Buddy Holly lived only 22 short years but his music has lived on to inspire generations of rock and pop musicians.
Such is the pull of Buddy’s iconic songs, such as That’ll Be The Day, Peggy Sue, Oh Boy and Rave On, that 55 years after his death fans are still packing theatres to see Buddy - The Buddy Holly Story, the long-running stage musical based on his life story.
The production, which this year is celebrating the 25th anniversary of its West End premiere, has been seen by more than 22 million people around the world. It is coming to Bradford’s Alhambra from Monday, July 7, to Saturday, July 12.
Buddy Holly’s career spanned just 18 months, but in that time he revolutionised the music scene.
The hit musical traces his meteoric rise to fame up to his final performance at the Surf Ballroom, Clear Lake, Iowa, and also features songs by the two musicians who died with him in the light aircraft crash on the fateful day, February 3, 1959. It was, as Don McLean later wrote in a song called American Pie, ‘The Day the Music Died’.
Alongside Buddy in the plane were Jiles P Richardson, known as Big Bopper (Chantilly Lace), and the 17-year-old Ritchie Valens (La Bamba).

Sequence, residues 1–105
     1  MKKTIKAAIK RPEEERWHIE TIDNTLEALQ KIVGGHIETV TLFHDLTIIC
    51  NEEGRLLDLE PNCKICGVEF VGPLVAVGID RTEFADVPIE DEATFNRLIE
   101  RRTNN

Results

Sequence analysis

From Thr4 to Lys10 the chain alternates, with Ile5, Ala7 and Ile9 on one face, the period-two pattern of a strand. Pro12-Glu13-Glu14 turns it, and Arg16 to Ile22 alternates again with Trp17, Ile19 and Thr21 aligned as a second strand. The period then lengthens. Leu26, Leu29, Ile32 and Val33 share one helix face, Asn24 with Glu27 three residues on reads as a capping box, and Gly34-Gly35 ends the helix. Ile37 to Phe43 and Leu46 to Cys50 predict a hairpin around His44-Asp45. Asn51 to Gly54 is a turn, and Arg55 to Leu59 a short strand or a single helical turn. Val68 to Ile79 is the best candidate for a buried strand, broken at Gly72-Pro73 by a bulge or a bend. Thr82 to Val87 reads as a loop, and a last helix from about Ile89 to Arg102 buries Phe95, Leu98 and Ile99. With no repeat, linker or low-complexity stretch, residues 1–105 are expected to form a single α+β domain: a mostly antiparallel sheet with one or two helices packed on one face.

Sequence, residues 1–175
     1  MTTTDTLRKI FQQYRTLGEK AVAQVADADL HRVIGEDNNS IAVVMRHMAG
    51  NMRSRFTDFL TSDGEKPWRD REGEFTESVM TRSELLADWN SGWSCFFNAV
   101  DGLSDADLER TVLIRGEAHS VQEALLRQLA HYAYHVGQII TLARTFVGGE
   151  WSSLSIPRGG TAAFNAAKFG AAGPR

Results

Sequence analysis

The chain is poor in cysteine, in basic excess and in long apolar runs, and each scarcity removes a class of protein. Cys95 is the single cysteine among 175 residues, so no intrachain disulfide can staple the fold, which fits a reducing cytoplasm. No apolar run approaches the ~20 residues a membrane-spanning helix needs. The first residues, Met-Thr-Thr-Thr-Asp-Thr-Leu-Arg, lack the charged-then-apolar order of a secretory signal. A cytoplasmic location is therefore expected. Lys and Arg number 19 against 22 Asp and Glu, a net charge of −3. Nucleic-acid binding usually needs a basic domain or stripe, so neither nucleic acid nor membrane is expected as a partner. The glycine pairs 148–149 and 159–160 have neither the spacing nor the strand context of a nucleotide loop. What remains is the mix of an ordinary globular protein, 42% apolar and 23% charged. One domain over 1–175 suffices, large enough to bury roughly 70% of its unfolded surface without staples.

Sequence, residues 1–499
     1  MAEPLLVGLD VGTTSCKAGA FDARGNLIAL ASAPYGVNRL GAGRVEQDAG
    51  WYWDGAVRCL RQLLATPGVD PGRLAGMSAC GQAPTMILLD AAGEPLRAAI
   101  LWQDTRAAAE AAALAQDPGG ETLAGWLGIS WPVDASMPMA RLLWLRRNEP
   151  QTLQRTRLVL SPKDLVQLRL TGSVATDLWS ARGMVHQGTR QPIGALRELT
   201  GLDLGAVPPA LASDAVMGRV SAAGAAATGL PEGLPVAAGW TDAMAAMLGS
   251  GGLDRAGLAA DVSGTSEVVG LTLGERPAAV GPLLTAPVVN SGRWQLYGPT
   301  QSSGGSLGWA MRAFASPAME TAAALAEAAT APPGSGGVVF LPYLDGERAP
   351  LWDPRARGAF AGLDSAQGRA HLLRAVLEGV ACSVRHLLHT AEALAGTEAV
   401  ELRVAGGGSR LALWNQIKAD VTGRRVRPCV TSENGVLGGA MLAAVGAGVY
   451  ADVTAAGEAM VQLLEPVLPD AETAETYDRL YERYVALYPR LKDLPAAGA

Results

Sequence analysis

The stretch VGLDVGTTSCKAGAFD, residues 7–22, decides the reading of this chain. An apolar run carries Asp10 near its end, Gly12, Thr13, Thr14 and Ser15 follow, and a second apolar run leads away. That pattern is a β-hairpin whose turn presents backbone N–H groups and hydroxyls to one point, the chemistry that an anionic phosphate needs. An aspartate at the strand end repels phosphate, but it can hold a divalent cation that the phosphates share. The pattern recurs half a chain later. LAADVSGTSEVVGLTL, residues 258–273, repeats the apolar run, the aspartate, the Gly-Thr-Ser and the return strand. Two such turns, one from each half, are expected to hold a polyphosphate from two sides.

The three of them were travelling in a plane chartered by Buddy because they’d made an unscheduled stop-off in Clear Lake and he didn’t want to continue on to the next stage in the tour by bus.
Buddy, the musical, offers two non-stop hours of music and has two singers taking the title role, Glen Joseph and Yorkshire-born Roger Rowley. Such is its lasting popularity that the production company estimates its trucks, used to transport the show from venue to venue, have now travelled nearly six times round the world.
Tickets for the show are from £15 to £27.50, from the box office on 01274 432000 or www.bradford-theatres.co.uk There is a captioned performance on Friday, July 11, and an audio-described performance on Saturday, July 12, at 2.30pm.
Buddy Holly was born Charles Hardin Holley and changed his name to Holly after a mispelling on his contract. His mother gave him the nickname Buddy when he was small.
Buddy wrote and recorded his breakthrough hit, That’ll Be the Day, with The Crickets in 1957. The song’s title and refrain are a reference to a line uttered by John Wayne in the 1956 film The Searchers. Buddy proposed on his first date with Maria Elena Santiago, a receptionist four years his senior, and married her less than two months later in 1958. Maria Elena did not attend Holly’s funeral, as she had also just suffered a miscarriage. She still owns the rights to Buddy Holly’s name, image, trademarks and other intellectual property.
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